Three Tips For New Engineers

Dojo Five firmware engineer works at a computer on code

With a bachelor in Electrical Engineering and a few coding experiences, I started my job at Dojo Five. What’s waiting for me were demos and releases that surprised me with unexpected results, challenging problems that took hours to solve, and software, tools, and technologies that I never saw or heard of before. Here are some tips that shaped me into the firmware engineer I am today.

Tip #1: Expect the unexpected

After working for a couple of months, you will start to realize critical events such as product demos, internal demos, and even product releases will not always be smooth. During demos, there are times when you end up saying “It literally worked yesterday”. Testing or having a mock demo ahead of time is necessary, but the truth is you will get nervous or have your mind go blank during the demo. Therefore, a demo script with detailed steps that can be used to reproduce the demo comes in handy. What if it still doesn’t work with the steps in the demo script? You will need a plan B. The plan B can be a demo video showing the time when it worked or a good explanation of how it works.

We have been talking about demos, what about product releases? Code reviews and CI pipelines with tests reduce the risk of messing up releases but there is one thing we take for granted, the availability of the services we are using. In my case, it was the version control provider. This totally bit me once by having a 2-hour downtime in the middle of a release and now I am able to prevent this from happening again by subscribing to the status page provided by most of the version control providers. By subscribing to these pages, whenever there is scheduled maintenance or service disruption, you will be informed through the email.

Tip #2: Don’t spin your wheels

As a fresh graduate who just started the journey as an engineer, we often encounter challenging problems that will take us forever to resolve. Especially working in a services company where timing is critical, we do not want to use up the budget without finishing the promised features. When you start working on a feature, you can start by estimating the total amount of hours you might use to complete the feature. This will give you a rough idea of when you should finish the feature and start working on new features. Unfortunately, there are unexpected blockers that keep you from completing the feature. Instead of burning hours resolving the blockers, you should know the time when you need to approach someone for help. When is the best time to do so? There is no right answer. When you find yourself not making much progress after searching online or not knowing what to search for, STOP. Don’t fail silently! This is the time you should ask for help. Ask for help in an internal group chat or during co-working with others. This often gives you the answer much faster than searching online.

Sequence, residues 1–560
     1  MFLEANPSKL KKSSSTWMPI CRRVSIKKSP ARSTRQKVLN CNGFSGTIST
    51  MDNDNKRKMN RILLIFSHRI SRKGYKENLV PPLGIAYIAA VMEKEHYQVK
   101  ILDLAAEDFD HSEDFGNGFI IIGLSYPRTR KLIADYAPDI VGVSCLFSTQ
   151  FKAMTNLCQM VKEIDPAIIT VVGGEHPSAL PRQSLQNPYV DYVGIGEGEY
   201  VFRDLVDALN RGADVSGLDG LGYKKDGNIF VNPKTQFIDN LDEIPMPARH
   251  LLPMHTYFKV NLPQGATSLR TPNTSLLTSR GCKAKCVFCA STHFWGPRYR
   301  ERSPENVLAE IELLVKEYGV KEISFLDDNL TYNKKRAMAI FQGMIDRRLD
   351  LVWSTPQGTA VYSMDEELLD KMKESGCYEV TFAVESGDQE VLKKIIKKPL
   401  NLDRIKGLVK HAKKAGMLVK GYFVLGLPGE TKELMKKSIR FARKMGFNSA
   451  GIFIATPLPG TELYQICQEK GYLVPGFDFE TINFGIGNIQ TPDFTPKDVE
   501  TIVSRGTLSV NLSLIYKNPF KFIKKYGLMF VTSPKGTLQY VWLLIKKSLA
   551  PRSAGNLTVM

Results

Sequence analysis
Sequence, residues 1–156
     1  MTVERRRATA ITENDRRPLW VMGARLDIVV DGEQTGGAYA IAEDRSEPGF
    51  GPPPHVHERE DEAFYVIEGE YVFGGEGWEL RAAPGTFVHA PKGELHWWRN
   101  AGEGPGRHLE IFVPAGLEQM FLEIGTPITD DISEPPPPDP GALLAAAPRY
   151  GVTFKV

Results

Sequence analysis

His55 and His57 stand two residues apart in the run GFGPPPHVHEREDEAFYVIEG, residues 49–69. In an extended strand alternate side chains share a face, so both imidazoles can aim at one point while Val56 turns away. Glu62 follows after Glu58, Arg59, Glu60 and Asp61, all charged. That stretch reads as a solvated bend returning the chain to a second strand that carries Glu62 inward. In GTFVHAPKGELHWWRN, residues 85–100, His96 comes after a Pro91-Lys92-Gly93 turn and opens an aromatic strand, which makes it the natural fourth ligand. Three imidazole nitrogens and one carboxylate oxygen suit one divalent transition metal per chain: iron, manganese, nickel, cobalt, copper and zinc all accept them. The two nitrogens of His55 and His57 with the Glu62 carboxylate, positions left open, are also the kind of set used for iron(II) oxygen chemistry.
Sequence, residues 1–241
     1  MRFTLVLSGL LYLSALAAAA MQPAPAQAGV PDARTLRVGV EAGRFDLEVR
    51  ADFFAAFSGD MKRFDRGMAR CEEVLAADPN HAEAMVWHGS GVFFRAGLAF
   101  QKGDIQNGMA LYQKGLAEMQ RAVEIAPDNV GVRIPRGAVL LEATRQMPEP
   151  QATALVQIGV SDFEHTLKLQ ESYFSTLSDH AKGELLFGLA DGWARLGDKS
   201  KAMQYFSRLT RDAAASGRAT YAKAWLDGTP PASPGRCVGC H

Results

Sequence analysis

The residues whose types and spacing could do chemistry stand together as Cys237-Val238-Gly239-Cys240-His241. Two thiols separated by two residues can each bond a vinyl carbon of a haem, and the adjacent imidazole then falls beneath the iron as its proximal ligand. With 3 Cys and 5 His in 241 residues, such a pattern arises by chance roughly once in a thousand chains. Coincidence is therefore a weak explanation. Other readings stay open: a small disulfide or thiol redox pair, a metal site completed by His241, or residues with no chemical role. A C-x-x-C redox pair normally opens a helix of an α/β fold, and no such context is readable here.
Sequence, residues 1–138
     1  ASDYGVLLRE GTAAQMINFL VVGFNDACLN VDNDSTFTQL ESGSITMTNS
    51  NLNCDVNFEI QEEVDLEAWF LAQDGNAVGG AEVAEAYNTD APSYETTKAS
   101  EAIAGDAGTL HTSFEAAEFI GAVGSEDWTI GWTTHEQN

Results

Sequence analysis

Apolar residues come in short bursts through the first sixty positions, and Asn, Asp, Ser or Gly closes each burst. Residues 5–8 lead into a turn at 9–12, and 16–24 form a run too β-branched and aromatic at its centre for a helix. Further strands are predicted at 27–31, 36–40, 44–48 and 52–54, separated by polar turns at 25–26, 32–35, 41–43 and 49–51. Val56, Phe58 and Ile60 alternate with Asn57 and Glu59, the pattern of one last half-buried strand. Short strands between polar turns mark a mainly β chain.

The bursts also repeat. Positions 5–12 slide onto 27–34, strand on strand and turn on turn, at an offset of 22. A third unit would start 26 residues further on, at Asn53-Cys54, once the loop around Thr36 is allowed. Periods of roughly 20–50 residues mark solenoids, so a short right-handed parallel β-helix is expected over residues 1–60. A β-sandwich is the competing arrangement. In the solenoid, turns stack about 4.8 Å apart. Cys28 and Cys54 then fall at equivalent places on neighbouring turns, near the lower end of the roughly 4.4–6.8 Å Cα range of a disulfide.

Tip #3: Quick learning and notes taking

University cannot teach you everything. It is normal to encounter new hardware, tools, or processes in your job. They can prevent you from completing your task. Learning new tools can be time-consuming but you do not have to spend hours learning in-depth details about them and how they run. Instead, you can take 5 to 10 minutes to focus on learning the new tool you need and at the same time taking notes for future uses. By spending some extra time now, it will save you a lot of time later. This can be applied to the issues you encounter when implementing a feature. You can keep a note of the issues and solutions found by asking for help from others or by using Google. By having the notes, when the same issue shows up again, the time can be used to implement new features instead of researching and learning.


Being an engineer can be challenging but solving real-world problems and pushing the edge of the technology is what engineers do. Planning ahead, asking for help when you need, and taking notes after learning will help you be a successful engineer who impacts the world.

And if you are looking for even more on embedded ops, we host a weekly Lunch and Learn on a variety of topics from embedded on cellular, deep learning with robots, and more! Check out our current list of events  and sign up for your seats – always no cost!

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